President, PM and education minister teach the ABCs of Zionism

By
September 1, 2017 13:39

President Reuven Rivlin had many questions for the first-graders once he took a seat in their circle on Friday.




Netanyahu and Bennett greet students on the first day of school, September 2017

Prime Minister Benjamin Netanyahu and Education Minister Naftali Bennett greet students on the first day of school, September 2017. (photo credit:ODED KARNI)

On Friday, 2.2 million children begin the school year across the country, including some 163,000 who entered first grade.

The Education Ministry’s situation room reported minor problems in Rosh Pina, Petah Tikva, Zichron Ya’acov and Haifa.

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Prime Minister Benjamin Netanyahu and Education Minister Naftali Bennett visited the Harish School in Haifa.

Stressing Zionist pride, Netanyahu greeted pupils with the classic “Shalom, Kita Alef – veBet veGimmel – veHey” (hello, first grade, and second, third and fifth).

He used this play on words to remind the pupils of their alphabet. “Now, because it is the first day of school, I want you to remember the alphabet: Alef for aretz [land]; this is your land. Bet, bayit [home], the State of Israel is your home. This is our land, this is our country; always remember this,” the prime minister said.

He continued addressing the pupils: “I know that many of you come from different parts of the country, but you will learn in school that the Jewish people, our people, did not have a land, did not have a country and did not have a home. We were scattered and returned here.

“Your grandparents, maybe even your great-grandparents, nevertheless returned here to gather in this land. This is your land, this is your country, this is your home and this is your school! Be good students; the most important thing is to learn well, study, study, study! Learn and then do. The most important thing is to learn and succeed, go forth and succeed! Welcome back to school and good luck!”

Bennett said Friday’s events went smoothly. “The classes are smaller [than last year], there are teaching assistants for 5,112 kindergartens, and we are leaping forward in math and science. Now is the time to focus on improving spoken English skills,” he told the same group of pupils attending the Harish School.

“We have a wonderful educational system and a wonderful country... I wish the principals, the teachers and especially the students a fruitful and successful school year. I am sure that together with the educational staff of this school, you will achieve great things,” Bennett said.




Meanwhile, President Reuven Rivlin paid a visit to the Nofei Haselah Elementary School in Ma’aleh Adumim.

“Good morning to the president of the state, Mr. Reuven Rivlin,” 25 first-grade children chanted in unison as they stood up to greet the white-haired man in a black suit who walked into their classroom on the first day of school.

It was a line they had practiced with their teacher Liat Valensy while they waited for Rivlin to arrive. They had even come to school two days early to prepare.

“This is very emotional,” Valensy told the class of squiggling youngsters who struggled to sit still in the blue plastic chairs that had been set up in a circle.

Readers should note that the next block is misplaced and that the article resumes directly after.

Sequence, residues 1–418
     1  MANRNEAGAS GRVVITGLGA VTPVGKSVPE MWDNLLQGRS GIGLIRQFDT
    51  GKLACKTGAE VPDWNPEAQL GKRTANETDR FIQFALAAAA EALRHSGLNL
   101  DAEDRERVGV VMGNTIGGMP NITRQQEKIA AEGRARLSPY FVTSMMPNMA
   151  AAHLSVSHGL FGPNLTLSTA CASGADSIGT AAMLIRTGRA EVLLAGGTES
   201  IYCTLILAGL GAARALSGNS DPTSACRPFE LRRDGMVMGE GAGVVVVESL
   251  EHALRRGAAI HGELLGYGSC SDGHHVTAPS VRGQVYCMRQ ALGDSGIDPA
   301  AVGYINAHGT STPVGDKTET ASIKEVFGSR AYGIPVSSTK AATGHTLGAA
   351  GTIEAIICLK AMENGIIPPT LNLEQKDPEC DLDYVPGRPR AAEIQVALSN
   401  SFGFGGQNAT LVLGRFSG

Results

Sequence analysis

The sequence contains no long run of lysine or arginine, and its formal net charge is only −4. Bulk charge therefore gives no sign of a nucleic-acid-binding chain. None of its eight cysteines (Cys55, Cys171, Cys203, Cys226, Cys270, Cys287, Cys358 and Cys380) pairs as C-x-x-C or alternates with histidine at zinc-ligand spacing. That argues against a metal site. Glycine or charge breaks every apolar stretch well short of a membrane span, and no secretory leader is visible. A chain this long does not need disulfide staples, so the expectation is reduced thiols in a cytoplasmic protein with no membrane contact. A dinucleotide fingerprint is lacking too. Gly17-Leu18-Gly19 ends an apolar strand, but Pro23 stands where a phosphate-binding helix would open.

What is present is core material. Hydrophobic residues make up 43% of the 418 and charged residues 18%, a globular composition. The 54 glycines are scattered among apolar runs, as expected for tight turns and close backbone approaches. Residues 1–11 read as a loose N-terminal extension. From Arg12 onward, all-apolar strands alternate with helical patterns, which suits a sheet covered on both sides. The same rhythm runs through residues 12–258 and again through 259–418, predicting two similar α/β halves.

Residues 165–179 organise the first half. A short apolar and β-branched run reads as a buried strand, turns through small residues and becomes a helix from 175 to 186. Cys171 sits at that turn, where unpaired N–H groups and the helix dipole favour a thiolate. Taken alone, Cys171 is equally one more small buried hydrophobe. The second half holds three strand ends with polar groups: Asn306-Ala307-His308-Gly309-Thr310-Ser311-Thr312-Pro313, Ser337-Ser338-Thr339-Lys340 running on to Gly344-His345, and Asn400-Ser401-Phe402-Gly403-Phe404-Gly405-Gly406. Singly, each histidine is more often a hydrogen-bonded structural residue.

They wore white shirts, shorts or skirts, and sandals.

Behind them on the board were the words, “Hello, first grade.”

Valensy instructed the children to sit with their shoulders straight and their feet on the floor.

“Do you remember how we are going to tell him good morning?” Valensy asked and made them demonstrate.

“What will we do if he asks us a question?” she said.

“We raise our hand,” one small boy said.

“That’s right,” Valensy responded. “Show me how you will do that.”

It was good that they practiced, because Rivlin had many questions for the first-graders once he took a seat in their circle on Friday.

“Who here knows the Alef Bet [the Hebrew alphabet]?” Rivlin asked.

Immediately hands went up.

“Where did you learn it, in kindergarten or at home?”

“In kindergarten,” they shouted. To demonstrate this, they sang and clapped to a song about the 22 letters of the Hebrew alphabet.

The president had a few other questions for the children about their future career choices.

“Who among you will be a minister in the government?” A few children raised their hands.

The question about becoming prime minister received a much more enthusiastic response. Rivlin pointed out to the girls that this question was relevant to them as well and that there had once been a female prime minister called Golda Meir.

“Who wants to be the president of the country?” Rivlin then asked.

Upon seeing the flurry of hands, he said, “We will have many presidents.

“Who will be his wife?” asked Rivlin. When a number of boys also raised their hands, Rivlin asked them if they set on this as a future vision or if they wanted to reconsider.

“You have a birthday next week,” Noam told the president.

“Very true,” he said, explaining that it was his birthday according to the Gregorian calendar, but that his Hebrew birthday fell on the day the world was created – Rosh Hashana.

“But I was born a few years after that,” Rivlin, soon to be 78 years old, joked.

On a more serious note, he told them, “Look out for your friends, ask if they need help and don’t be afraid to ask for help when you need it.”

He added that the New Year was also a time for soul-searching.

“One of the first things we learn as citizens of the world and as Jews is to love your neighbor as yourself.

This is true even when we don’t love each other, but we still have to respect each other,” Rivlin said.

“In spite of our difference of opinions, we are all one society,” he said.

“I hope that we will learn and understand that loving your neighbor is a necessity for engaging in dialogue,” Rivlin said.





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